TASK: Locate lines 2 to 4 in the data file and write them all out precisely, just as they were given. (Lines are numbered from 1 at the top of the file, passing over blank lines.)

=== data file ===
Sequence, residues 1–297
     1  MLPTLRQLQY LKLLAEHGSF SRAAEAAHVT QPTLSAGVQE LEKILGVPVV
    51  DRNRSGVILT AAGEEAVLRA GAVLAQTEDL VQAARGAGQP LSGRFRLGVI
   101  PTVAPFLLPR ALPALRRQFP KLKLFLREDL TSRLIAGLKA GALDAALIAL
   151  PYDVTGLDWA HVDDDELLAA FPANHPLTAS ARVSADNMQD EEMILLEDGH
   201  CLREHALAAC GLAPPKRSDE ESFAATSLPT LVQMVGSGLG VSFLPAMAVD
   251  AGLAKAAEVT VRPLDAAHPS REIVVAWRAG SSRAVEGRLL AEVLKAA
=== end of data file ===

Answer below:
     1  MLPTLRQLQY LKLLAEHGSF SRAAEAAHVT QPTLSAGVQE LEKILGVPVV
    51  DRNRSGVILT AAGEEAVLRA GAVLAQTEDL VQAARGAGQP LSGRFRLGVI
   101  PTVAPFLLPR ALPALRRQFP KLKLFLREDL TSRLIAGLKA GALDAALIAL